Tuesday, 3 June 2008

Energy Economics, Part 94

A serious green policy would fix energy prices at a guaranteed constant high to make everyone use less and to make green technologies economically enticing for investors - and make incomes fairer.

- Polly Toynbee

(a) Suggest what the 'constant high' should be, in which currency etc

(b) Discuss generally

ND

45 comments:

CityUnslicker said...

this is what we already do, more so than almost any other economy on the planet. moronic woman.

Anonymous said...

"make incomes fairer".

Ah yes, in the socialist world we would ALL be broke....

Anyway, how could we get this to work? At what point would people say "I would rather be cold in the winter than pay these sorts of prices"? My guess is that to achieve any significant reduction you would have to increase energy prices until they absorbed practically the entire disposable income after tax, food and londging, because heating and lighting are part of life's basic necessities here in the frozen north.

Put prices up by that much and the entire UK economy would collapse. That should save a few watts.....

Perhaps Polly is of the opinion that we have the heating full on in August just for the sheer luxury of all that waste. But then again that big old mansion at 1 Clapham Common Road probably is a bit chilly....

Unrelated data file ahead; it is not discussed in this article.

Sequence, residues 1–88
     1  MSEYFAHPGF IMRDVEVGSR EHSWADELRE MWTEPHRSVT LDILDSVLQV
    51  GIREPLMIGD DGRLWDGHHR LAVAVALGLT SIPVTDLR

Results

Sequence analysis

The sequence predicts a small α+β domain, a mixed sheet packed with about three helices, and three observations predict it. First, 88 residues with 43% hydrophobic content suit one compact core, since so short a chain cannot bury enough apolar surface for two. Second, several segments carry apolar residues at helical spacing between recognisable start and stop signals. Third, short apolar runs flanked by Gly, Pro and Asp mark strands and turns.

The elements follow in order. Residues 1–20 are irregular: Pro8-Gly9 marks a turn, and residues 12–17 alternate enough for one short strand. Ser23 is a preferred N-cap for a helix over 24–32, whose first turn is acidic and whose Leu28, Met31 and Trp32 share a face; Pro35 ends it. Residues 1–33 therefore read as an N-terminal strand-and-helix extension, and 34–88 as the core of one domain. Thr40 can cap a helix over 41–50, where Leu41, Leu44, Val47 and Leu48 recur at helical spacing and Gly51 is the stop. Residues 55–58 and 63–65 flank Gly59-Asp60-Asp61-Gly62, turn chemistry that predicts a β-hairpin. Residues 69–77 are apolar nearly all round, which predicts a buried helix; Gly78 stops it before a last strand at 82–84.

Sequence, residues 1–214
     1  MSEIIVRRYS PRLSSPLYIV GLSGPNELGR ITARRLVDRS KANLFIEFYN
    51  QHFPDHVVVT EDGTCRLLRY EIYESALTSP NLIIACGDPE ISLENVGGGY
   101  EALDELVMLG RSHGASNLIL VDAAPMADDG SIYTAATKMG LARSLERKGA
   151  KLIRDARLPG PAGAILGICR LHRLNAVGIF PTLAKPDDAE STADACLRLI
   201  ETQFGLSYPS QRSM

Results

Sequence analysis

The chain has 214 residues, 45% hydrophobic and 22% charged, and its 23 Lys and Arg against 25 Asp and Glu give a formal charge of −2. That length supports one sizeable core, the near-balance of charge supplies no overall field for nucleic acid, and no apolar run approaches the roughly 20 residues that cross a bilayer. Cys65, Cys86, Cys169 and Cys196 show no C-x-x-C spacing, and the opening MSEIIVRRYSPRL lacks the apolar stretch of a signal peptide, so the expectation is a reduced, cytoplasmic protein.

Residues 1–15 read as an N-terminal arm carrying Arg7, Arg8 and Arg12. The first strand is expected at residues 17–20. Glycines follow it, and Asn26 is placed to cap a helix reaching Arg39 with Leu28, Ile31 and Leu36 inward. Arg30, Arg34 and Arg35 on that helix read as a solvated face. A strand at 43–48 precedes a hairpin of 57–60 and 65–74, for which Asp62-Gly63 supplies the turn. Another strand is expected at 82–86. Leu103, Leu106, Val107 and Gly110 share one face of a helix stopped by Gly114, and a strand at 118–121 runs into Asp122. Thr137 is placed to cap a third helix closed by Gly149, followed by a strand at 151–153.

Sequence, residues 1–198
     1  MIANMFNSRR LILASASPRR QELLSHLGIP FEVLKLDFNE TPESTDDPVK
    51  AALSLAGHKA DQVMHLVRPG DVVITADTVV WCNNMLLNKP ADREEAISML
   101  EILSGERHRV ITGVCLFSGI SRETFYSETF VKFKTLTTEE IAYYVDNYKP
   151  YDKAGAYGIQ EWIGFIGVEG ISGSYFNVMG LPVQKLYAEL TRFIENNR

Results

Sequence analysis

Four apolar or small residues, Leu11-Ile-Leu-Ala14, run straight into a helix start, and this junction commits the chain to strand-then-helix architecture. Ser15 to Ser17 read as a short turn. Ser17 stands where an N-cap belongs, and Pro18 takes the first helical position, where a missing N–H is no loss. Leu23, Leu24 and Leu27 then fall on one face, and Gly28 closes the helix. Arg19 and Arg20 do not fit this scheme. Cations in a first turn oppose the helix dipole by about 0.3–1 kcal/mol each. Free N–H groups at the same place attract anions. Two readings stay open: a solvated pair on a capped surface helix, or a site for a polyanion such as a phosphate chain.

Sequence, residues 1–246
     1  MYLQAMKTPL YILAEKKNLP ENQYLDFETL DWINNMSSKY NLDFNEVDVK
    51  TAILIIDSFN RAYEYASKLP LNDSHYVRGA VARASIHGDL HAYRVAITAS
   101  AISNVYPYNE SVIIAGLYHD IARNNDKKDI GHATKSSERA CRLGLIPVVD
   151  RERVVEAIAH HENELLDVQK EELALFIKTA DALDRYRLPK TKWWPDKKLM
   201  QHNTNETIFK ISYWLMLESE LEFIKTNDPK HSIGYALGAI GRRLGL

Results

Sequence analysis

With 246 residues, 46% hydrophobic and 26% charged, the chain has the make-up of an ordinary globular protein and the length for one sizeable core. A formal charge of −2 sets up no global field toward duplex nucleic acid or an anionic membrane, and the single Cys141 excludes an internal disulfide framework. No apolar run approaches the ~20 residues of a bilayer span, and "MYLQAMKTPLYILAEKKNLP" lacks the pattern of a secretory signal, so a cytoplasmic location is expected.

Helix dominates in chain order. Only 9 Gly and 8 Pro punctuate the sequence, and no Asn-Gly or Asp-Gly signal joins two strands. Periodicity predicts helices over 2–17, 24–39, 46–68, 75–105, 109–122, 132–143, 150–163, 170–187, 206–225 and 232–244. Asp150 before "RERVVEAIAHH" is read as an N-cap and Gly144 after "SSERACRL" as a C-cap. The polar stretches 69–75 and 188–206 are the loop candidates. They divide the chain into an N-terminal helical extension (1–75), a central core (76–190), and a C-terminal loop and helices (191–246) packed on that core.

Old BE said...

I am a great believer in simple measures. *IF* we are going to encourage carbon efficiency (for energy security and economic efficiency, not because of the green lobby) we should encourage it in the simplest possible way. That surely would be a flat and predictable (perhaps rising over time) tax at the source - when it is extracted or imported. Then let the market decide the most productive use of the limited supply.

Nick Drew said...

come on guys, where are your suggestions for the Constant High ?!

we need hard numbers !

you're just not trying ...

Old BE said...

£15 a litre

Nick Drew said...

Good man, BE !

now - have you thought this through ... who will get the windfall ?

... what will happen if Sterling collapses ?

... will the bus company be made to pay this amount ?

... am I allowed to run an electric car ? (or were you going to put the price of electricity up, too ?)

Any advance on £15, anyone ?

Old BE said...

£15 for personal users, taxed at the pump. number of litres allowed depends on carbon rationing points still available

fuel for public transport dyed red and untaxed

fuel for hauliers dyed blue and available on production of official hauliers' licence - tax rate linked to the price of a loaf of bread

key workers to produce a discount card at the petrol station (limited mileage per year at a discount)

MPs to get increased mileage allowance to cover higher prices

constant high price reviewed annually to keep in line with nation income

Unsworth said...